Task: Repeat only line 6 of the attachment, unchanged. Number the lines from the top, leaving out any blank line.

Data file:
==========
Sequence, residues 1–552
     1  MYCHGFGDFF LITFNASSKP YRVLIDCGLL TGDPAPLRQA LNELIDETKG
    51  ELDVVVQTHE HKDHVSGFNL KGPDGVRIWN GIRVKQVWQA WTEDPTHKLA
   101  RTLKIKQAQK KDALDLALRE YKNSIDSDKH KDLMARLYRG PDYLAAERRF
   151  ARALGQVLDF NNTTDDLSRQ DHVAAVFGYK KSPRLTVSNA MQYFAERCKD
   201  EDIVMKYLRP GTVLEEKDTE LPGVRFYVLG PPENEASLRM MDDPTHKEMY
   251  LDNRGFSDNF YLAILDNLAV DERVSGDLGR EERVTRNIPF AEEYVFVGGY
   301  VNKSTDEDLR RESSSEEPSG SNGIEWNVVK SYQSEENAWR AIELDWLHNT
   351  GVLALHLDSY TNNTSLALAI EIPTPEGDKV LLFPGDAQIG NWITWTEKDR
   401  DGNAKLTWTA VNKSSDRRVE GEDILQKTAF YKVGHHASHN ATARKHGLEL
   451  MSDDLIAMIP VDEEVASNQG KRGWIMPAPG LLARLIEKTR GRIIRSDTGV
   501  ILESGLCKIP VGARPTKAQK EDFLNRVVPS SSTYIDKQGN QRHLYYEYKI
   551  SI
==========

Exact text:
   201  EDIVMKYLRP GTVLEEKDTE LPGVRFYVLG PPENEASLRM MDDPTHKEMY